Each of these sounds and images replicate those now travelling through interstellar space, encoded as phonographic signals on a gold-plated record attached to the Voyager 1 space probe in 1977 as an introduction to humanity for any extra-terrestrial life that might come across them. These records represent “our greatest expansion of design,” says Mark Wigley, who co-curated the 3rd Istanbul Design Biennial (IDB) along with Beatriz Colomina. The IDB, which opened on 22 October, takes on a similarly ambitious task: exploring the theme Are We Human?
The projects that Wigley and Colomina selected to respond to this theme range widely: from Voyager 1’s current location, 20 billion km from Earth, to down the production shaft of the TauTona gold mine in South Africa, 4km below its surface. Some travel through the invisible networks of electronic signals that criss-cross our planet, while others journey inside our very bodies, down to cells and genes.
All of these, the curators posit, are part of design, a 200,000-year-long dialogue between homo sapiens and their creations that has had far-reaching consequences for us and for the rest of the world, if not the universe. As Wigley puts it, “Design is everything you see and the way you see. There is nothing outside of design.” Working from this wildly broad definition makes for a fascinating but often perplexing biennial, one more interested in questions than answers, and in the past than the future.
The curators describe the IDB as an “archaeological exhibition,” holding archaeologists up as the “real design experts,” who reverse-engineer human design thinking over the millennia by examining the traces and objects we’ve left behind. In keeping with this theme, Wigley and Colomina selected the Istanbul Archaeological Museums as one of the event’s five venues. Seeing the museums' curated array of garishly decorated mobile phone covers next to some beaded necklaces from antiquity prompts amusement at the long human pursuit of beauty and identity through adornment. But the scant number of projects displayed in the museums and their general lack of connection with the institution’s rich, if not always well-displayed holdings, makes the venue’s inclusion feel more like a gesture than an integral component of the biennial experience.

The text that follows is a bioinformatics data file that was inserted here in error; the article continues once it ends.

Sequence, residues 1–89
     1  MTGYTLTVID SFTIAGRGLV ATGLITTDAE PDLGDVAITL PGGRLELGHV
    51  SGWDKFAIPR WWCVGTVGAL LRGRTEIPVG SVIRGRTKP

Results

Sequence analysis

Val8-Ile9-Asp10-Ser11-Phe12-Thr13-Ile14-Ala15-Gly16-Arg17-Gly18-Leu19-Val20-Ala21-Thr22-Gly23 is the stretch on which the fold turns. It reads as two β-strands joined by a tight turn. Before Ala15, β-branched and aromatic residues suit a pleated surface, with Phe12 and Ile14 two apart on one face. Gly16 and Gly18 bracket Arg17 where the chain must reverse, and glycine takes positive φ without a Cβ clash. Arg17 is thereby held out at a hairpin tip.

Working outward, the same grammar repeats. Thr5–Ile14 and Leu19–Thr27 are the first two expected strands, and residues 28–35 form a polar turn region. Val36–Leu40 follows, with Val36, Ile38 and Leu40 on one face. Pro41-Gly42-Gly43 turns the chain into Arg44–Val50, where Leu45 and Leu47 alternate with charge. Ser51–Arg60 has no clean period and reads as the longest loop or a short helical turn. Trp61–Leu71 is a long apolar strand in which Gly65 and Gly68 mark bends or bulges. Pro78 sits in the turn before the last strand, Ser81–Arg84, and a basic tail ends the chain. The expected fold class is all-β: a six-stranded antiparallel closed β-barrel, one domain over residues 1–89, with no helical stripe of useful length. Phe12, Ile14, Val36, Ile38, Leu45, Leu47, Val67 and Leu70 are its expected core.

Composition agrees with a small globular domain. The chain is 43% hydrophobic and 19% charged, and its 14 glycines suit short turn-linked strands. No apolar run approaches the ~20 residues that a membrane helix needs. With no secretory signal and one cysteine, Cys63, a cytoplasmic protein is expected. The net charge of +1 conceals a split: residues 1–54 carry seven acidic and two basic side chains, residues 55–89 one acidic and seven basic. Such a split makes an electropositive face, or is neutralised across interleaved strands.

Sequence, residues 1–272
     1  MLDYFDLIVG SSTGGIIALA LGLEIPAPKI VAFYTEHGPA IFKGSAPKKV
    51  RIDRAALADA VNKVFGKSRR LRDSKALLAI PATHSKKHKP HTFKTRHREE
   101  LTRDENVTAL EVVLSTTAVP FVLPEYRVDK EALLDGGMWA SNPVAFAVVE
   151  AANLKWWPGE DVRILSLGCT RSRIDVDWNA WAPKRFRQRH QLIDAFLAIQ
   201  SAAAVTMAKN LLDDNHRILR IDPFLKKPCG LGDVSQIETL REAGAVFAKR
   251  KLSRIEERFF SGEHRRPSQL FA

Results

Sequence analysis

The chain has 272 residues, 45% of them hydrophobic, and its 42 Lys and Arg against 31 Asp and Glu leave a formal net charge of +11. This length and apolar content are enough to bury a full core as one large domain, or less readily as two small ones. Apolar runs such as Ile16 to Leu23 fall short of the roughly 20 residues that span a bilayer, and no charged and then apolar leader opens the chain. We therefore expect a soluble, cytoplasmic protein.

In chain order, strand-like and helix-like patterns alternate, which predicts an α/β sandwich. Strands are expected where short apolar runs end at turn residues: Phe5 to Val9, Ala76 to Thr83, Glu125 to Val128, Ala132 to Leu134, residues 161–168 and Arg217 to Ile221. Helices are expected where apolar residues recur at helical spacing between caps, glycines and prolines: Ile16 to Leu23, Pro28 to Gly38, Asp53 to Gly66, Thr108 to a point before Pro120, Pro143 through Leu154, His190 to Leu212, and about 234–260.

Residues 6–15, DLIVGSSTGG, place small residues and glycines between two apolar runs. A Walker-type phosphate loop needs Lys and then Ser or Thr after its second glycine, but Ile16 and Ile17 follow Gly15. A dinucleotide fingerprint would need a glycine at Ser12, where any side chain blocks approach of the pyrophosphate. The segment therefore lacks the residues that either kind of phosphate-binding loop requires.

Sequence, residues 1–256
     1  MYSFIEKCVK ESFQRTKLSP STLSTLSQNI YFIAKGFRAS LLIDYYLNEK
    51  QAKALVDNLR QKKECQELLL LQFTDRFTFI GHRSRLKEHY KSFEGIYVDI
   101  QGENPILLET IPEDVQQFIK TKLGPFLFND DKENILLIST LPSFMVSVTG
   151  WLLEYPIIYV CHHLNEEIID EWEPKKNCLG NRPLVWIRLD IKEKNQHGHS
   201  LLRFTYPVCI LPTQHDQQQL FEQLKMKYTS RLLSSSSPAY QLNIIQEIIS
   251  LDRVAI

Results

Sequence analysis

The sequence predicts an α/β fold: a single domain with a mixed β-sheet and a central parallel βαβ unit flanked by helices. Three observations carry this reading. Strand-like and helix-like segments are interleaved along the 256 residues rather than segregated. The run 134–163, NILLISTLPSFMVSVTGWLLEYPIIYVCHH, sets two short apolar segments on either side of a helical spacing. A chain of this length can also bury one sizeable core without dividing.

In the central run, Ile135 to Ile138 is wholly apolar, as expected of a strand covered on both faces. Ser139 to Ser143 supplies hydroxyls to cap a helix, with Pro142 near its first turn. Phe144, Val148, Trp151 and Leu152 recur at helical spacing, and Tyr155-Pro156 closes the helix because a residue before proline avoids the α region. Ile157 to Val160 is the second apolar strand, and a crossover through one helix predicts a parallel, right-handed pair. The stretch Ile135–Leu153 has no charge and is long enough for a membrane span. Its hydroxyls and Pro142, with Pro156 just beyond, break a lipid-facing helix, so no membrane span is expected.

The curation at Alt is better thought-out, with visitors who enter the subterranean space ("alt" translates to "below" in Turkish) passing first underneath a ceiling-mounted slab containing casts of 8,500-year-old footprints, and ending their tour of the galleries amidst a visual bombardment of social media imagery. Both here and at the IDB’s largest venue, the Galata Greek Primary School, the overlapping sounds and visuals of different projects on display create a visceral sense of a world the curators describe as “made up of layers and layers of design”. At the same time, though, this sensory overload can make it difficult to give the exhibits the close attention they demand. The dim lighting and poor placement of wall text in some rooms doesn’t help matters.
Wigley and Colomina vociferously reject the idea that design can only be carried out by designers; contributors to the 70-plus projects on display as part of the IDB include historians, theorists, scientists, and choreographers. The curators also seem to eschew any suggestion of intentionality as an essential element to design. When prehistoric humans first chipped away at rock to form hand axes – represented in this biennial as a grid of 3D printed objects in both original and contemporary forms, created by Istanbul-based studio PATTU – they surely did not consider how beginning to use tools would shape the evolution of their future descendants’ hands. Nor did the makers of the first mobile phones likely anticipate how thoroughly these devices would change their users’ habits, ways of thinking, and their very physiology.